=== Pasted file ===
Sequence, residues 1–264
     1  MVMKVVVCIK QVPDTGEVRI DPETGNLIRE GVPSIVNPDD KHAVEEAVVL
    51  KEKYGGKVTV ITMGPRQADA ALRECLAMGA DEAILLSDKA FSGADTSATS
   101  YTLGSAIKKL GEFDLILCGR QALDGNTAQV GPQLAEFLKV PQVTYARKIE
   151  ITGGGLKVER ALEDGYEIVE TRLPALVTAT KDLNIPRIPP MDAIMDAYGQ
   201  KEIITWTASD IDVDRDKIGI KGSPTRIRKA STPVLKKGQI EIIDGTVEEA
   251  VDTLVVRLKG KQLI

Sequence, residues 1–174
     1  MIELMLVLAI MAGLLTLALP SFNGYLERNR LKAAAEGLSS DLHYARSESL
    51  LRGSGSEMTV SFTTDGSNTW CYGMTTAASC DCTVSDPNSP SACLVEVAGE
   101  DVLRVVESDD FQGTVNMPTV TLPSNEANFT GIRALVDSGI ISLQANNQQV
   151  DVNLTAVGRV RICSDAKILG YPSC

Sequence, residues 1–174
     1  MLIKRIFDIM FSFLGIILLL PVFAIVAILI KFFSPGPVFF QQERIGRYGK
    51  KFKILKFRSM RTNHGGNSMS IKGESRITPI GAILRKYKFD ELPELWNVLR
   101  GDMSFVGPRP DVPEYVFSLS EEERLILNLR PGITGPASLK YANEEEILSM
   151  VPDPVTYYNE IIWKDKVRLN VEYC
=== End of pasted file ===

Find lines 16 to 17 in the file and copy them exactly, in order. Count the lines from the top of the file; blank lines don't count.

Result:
   101  GDMSFVGPRP DVPEYVFSLS EEERLILNLR PGITGPASLK YANEEEILSM
   151  VPDPVTYYNE IIWKDKVRLN VEYC